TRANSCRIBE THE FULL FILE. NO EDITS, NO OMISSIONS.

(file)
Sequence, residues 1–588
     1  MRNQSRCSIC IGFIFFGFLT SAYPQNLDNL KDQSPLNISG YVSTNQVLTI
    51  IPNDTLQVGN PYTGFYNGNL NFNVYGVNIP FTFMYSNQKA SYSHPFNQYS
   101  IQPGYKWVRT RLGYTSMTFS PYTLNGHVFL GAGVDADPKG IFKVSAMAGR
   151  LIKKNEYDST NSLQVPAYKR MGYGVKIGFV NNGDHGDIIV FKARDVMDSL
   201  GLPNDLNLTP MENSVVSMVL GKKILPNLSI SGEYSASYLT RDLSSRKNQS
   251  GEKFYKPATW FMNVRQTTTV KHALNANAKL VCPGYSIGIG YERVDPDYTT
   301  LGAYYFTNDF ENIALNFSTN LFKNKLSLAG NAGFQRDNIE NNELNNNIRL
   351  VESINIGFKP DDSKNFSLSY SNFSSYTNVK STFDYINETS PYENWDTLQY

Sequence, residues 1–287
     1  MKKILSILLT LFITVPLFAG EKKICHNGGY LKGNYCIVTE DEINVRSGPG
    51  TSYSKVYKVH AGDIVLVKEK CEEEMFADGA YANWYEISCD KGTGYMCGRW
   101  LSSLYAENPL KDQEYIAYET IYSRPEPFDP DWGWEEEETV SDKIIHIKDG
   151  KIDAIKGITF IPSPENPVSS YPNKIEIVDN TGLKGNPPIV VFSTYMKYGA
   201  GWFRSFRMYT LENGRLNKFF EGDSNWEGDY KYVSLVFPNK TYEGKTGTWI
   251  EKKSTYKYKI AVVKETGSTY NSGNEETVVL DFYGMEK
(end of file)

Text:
Sequence, residues 1–588
     1  MRNQSRCSIC IGFIFFGFLT SAYPQNLDNL KDQSPLNISG YVSTNQVLTI
    51  IPNDTLQVGN PYTGFYNGNL NFNVYGVNIP FTFMYSNQKA SYSHPFNQYS
   101  IQPGYKWVRT RLGYTSMTFS PYTLNGHVFL GAGVDADPKG IFKVSAMAGR
   151  LIKKNEYDST NSLQVPAYKR MGYGVKIGFV NNGDHGDIIV FKARDVMDSL
   201  GLPNDLNLTP MENSVVSMVL GKKILPNLSI SGEYSASYLT RDLSSRKNQS
   251  GEKFYKPATW FMNVRQTTTV KHALNANAKL VCPGYSIGIG YERVDPDYTT
   301  LGAYYFTNDF ENIALNFSTN LFKNKLSLAG NAGFQRDNIE NNELNNNIRL
   351  VESINIGFKP DDSKNFSLSY SNFSSYTNVK STFDYINETS PYENWDTLQY

Sequence, residues 1–287
     1  MKKILSILLT LFITVPLFAG EKKICHNGGY LKGNYCIVTE DEINVRSGPG
    51  TSYSKVYKVH AGDIVLVKEK CEEEMFADGA YANWYEISCD KGTGYMCGRW
   101  LSSLYAENPL KDQEYIAYET IYSRPEPFDP DWGWEEEETV SDKIIHIKDG
   151  KIDAIKGITF IPSPENPVSS YPNKIEIVDN TGLKGNPPIV VFSTYMKYGA
   201  GWFRSFRMYT LENGRLNKFF EGDSNWEGDY KYVSLVFPNK TYEGKTGTWI
   251  EKKSTYKYKI AVVKETGSTY NSGNEETVVL DFYGMEK